I got on line the other night to see what to expect at the voting booth today. We have all been hearing about the primary races for Governor and Lieutenant Governor, although polls tell us that lots of people haven’t heard of Zephyr Teachout and Tim Wu, or if they’ve heard the names don’t know why. That’s clearly not true of WAMC listeners. But what else is on the ballot? Actually plenty.
The League of Women Voters website provides helpful information; it’s available to the public and I’m a member – they don’t restrict membership by gender. So I typed in my address and got three races. The third was for Judge on the Surrogate’s Court. That’s important – Surrogate Judges decide on will contests and other important matters. But there was nothing about the Supreme Court.
Plainly in Albany County there is a contest for the Supreme Court. Literature has been in the mail from both candidates, one of whom, Meg Walsh, is a neighbor I’ve known and respected for years. You won’t find Meg or her opponent listed on the ballot, however. What you will find are lists of delegates to the Democratic Judicial Nominating Convention. The delegates won’t be listed by the candidates they support. You’ll have to find the delegates you want to vote for by remembering or bringing in a list and finding them on the ballot.
That method of selecting our judges was found unconstitutional by the federal Court of Appeals several years ago. It insulates the political leadership and – by statute – provides little opportunity for challenges. The US Supreme Court doesn’t see problems with rigging elections, so they reversed the Court of Appeals and announced that parties can make the nominations. Yes parties can, but the Court didn’t mention that party voters have no hand in deciding how their parties are organized – the insulation is courtesy of the NY State Legislature.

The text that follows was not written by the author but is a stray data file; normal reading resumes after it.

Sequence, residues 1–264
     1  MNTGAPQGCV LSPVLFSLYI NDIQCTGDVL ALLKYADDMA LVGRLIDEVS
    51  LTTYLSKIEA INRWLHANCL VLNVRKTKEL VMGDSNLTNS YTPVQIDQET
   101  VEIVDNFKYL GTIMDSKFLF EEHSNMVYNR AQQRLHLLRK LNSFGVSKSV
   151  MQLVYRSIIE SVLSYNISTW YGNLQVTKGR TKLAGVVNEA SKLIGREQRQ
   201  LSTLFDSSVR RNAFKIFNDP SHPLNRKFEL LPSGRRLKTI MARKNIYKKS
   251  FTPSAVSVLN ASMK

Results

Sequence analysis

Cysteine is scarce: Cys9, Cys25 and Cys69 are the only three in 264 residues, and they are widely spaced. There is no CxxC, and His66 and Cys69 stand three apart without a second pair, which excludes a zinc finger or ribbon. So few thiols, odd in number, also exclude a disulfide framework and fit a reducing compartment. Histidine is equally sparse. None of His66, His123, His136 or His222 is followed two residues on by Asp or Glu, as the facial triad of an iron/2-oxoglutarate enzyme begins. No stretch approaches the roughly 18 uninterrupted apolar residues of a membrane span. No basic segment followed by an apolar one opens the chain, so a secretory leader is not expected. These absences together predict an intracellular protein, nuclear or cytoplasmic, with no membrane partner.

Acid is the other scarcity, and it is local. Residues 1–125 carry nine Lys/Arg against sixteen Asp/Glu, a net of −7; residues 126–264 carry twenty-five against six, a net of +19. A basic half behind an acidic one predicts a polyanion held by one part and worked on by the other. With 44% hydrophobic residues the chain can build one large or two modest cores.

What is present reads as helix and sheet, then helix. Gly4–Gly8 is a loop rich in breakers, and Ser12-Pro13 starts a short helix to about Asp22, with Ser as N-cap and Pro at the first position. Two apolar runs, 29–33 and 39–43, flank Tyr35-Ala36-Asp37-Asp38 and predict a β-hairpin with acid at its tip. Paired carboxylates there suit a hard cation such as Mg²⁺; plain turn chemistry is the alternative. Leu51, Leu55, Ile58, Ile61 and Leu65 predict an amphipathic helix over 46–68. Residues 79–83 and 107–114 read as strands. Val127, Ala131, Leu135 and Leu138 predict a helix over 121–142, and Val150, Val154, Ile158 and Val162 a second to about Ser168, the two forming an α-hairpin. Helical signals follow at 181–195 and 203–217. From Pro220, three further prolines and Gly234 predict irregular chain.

But two issues go beyond this election, much as it would be good to have Meg on the NY State Supreme Court and voting for her delegates would be a step toward more responsible parties.
First it ought to be possible for voters to see the ballot before they reach the polls. If you know of a place to find advance copies of this year’s ballot, please let me know. At the last moment you may find the ballot in your morning paper. The absence of the Supreme Court and party committee races make clear that descriptions of the ballot online are incomplete. Is anything else in the shadows? If it’s online it certainly isn’t easy to find. Some states provide voters with a voters’ book, listing the offices and some information about each candidate at least in the general election. At the very least we ought to be able to find who and what is on the ballot.
Second, about the only appointment power the parties still have is for judges. But given the way it’s organized, it’s almost impossible to hold the parties responsible. That’s courtesy of the NY Legislature and a Bush-whacking by the John Roberts Supreme Court. And that makes just three things we need to change – the legislature, the Court and the parties.
— This commentary was broadcast on WAMC Northeast Report, September 9, 2014.
 Lopez Torres v. N.Y. State Bd. of Elections, 462 F.3d 161 (2d Cir. 2006).
 N.Y. State Bd. of Elections v. Lopez Torres, 552 U.S. 196 (2008).